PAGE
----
1. Juliette sends a message "I'll take a drug which makes me look dead but I'm not really"2. Romeo receives the message3. Romeo finds Juliette looking dead, but knows she's not really dead4. They live happily ever after
1. Juliette sends a message "I'll take a drug which makes me look dead but I'm not really" [the message is lost in a plague-related network outage]2. Romeo never receives the message3. Romeo finds Juliette looking dead, thinks she's dead, and kills himself4. Juliette wakes to find Romeo dead and kills herself too.
Cloud computing is about distributed protocols with message-passing usually in XML. As VB developers, you'll be the ones responsible for saving Romeo and Juliette. How? The quick answer is "make your operations idempotent". For the long answer, read on...
Every distributed protocol has a window of vulnerability, where one party can't be sure that the other party has received the message. This is a fundamental law of computer science. I've been learning about Windows Azure. As a distributed architect, my first question is always going to be: "where are the windows of vulnerability?"
This diagram shows the basic Azure infrastructure. Everything is done by message-passing, and all parties are potentially distributed. When an end-user makes an HTTP request, it arrives at an instance of the WebRole, written in ASP. The WebRole might make a synchronous request to fetch from a Table in the StorageService to help construct the page it gives back. I'm think I'm going to write my WebRoles entirely in VB, and have them return just XML literals. The WebRole might also synchronously deposit messages to the Queue in the StorageService in case further work needs to be done, e.g. generating thumbnails or submitting an expense claim. The message can be in any format.
Messages in the queue will be picked up by an instance of the WorkerRole. The WorkerRole is a DLL written by you in VB or C# or other .NET languages. Azure loads this DLL in a VM and invokes its StartReceiving method. You implement this method, usually by creating a thread which (in a loop) synchronously gets messages from the Queue and handles them appropriately, maybe by calling third-party web-services, or maybe by fetching data from blobs and writing them to other blobs.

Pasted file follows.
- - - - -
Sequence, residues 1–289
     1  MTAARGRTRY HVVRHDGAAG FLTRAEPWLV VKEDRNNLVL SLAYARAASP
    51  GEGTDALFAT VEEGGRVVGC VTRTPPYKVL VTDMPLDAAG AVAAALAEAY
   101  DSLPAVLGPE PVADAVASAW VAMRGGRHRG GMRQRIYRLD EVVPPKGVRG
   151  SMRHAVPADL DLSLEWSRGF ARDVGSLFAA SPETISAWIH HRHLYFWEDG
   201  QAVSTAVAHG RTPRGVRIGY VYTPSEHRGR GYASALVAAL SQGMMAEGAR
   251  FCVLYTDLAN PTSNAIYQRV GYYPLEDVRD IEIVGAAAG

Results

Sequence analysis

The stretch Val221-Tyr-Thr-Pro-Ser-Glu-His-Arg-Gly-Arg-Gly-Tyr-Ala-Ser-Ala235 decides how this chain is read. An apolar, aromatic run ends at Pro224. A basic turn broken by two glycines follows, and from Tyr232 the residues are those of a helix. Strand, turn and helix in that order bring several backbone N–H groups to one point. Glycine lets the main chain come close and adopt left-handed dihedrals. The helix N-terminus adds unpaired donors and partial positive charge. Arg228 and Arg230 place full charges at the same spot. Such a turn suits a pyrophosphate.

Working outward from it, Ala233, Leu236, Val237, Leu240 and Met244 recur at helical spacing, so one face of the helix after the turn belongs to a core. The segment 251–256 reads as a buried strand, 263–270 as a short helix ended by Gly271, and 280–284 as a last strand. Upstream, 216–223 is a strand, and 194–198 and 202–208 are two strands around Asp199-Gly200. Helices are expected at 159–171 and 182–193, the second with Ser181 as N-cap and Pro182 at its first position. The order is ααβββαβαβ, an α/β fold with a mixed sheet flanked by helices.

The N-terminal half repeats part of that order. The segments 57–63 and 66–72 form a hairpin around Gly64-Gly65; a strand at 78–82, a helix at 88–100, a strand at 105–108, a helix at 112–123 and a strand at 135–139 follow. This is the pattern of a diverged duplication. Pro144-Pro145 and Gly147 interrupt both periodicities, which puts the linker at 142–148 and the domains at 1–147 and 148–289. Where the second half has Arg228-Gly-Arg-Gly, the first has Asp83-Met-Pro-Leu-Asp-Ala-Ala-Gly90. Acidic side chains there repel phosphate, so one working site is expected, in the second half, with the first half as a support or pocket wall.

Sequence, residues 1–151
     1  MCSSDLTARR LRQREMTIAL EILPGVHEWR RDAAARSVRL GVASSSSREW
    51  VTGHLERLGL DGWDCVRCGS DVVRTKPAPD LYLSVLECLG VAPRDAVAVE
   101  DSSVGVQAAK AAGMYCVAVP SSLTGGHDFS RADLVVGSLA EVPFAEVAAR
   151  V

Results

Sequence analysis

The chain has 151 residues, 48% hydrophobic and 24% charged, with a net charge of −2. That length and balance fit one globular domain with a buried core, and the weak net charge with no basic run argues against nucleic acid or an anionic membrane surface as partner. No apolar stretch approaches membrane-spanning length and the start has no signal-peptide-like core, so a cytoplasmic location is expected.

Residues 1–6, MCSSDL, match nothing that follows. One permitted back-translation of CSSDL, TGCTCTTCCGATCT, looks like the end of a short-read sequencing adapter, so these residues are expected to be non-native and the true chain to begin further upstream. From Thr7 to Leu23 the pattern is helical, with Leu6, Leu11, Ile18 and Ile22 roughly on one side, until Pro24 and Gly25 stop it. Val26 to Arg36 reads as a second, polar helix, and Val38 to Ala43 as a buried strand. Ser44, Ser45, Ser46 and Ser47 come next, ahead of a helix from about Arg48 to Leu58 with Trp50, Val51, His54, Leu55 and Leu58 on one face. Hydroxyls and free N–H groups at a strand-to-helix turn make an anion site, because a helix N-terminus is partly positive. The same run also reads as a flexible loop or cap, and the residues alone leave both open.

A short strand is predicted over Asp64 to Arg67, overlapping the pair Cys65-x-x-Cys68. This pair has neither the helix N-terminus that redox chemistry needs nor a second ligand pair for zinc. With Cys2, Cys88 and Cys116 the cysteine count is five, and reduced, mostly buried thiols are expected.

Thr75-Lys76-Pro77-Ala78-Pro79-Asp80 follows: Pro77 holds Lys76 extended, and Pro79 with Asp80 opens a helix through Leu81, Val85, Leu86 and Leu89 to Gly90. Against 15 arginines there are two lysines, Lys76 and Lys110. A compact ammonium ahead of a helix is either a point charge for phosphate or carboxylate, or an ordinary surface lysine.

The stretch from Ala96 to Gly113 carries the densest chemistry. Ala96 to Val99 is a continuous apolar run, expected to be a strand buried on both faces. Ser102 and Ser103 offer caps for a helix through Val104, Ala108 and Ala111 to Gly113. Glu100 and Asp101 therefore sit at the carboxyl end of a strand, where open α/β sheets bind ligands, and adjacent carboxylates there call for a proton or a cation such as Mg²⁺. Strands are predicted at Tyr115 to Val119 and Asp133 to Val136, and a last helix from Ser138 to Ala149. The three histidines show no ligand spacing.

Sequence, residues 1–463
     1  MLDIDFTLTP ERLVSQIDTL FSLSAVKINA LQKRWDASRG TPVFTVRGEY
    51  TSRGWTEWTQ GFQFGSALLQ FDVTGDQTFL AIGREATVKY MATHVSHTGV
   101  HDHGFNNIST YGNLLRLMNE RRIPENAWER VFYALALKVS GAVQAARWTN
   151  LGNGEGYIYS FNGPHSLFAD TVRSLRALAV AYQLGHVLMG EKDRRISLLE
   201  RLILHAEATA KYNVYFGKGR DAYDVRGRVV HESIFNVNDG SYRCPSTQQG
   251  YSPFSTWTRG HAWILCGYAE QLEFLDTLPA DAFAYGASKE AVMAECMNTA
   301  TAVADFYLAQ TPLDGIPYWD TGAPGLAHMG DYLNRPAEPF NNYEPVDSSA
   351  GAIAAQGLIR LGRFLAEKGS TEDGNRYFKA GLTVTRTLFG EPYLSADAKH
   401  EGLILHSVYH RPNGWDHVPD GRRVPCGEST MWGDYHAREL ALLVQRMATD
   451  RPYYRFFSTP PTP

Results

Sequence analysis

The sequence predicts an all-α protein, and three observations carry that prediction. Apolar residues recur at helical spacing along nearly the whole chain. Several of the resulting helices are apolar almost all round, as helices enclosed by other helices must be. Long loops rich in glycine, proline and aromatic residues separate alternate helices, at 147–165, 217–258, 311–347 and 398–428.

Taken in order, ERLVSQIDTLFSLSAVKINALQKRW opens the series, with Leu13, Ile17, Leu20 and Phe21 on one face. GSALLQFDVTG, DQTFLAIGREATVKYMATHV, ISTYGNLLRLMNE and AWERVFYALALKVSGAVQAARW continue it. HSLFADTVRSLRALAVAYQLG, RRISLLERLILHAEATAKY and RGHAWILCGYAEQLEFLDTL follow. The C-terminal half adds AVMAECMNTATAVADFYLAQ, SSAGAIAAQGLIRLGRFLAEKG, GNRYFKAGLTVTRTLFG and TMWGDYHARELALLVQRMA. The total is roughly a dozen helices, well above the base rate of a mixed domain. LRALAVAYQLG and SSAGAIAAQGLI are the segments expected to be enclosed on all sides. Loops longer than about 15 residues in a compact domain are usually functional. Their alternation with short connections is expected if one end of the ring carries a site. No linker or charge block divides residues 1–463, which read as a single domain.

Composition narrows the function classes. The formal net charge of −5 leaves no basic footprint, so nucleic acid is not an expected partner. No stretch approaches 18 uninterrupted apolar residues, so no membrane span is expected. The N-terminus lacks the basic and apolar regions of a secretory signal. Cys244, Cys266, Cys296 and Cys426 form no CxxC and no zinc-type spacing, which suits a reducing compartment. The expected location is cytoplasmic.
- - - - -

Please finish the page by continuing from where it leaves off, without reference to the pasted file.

The Azure framework might create multiple instances of WebRole or of WorkerRole to cope with load, each instance indistinguishable. It might also "freeze" a role and unfreeze it again on a new machine. It might also terminate a Role, by calling its Stop method. A WorkerRole can create and use temporary local storage on the machine it's running on, using the ILocalResource interface, but this local storage is discarded each time the WorkerRole is stopped or frozen.
NOTE: the current Azure community preview runs all of these things in just a single datacenter. The chance of message-loss between them is therefore vanishingly small. Things will only start to get interesting once Azure becomes geo-located. At that time, presumably you'll be able to chose in which datacenter each part of your service runs.
Each of the interactions sketched out above has a window of vulnerability. I'm going to focus just on the WorkerRole's message-loop. In the samples the message-loop is written like this: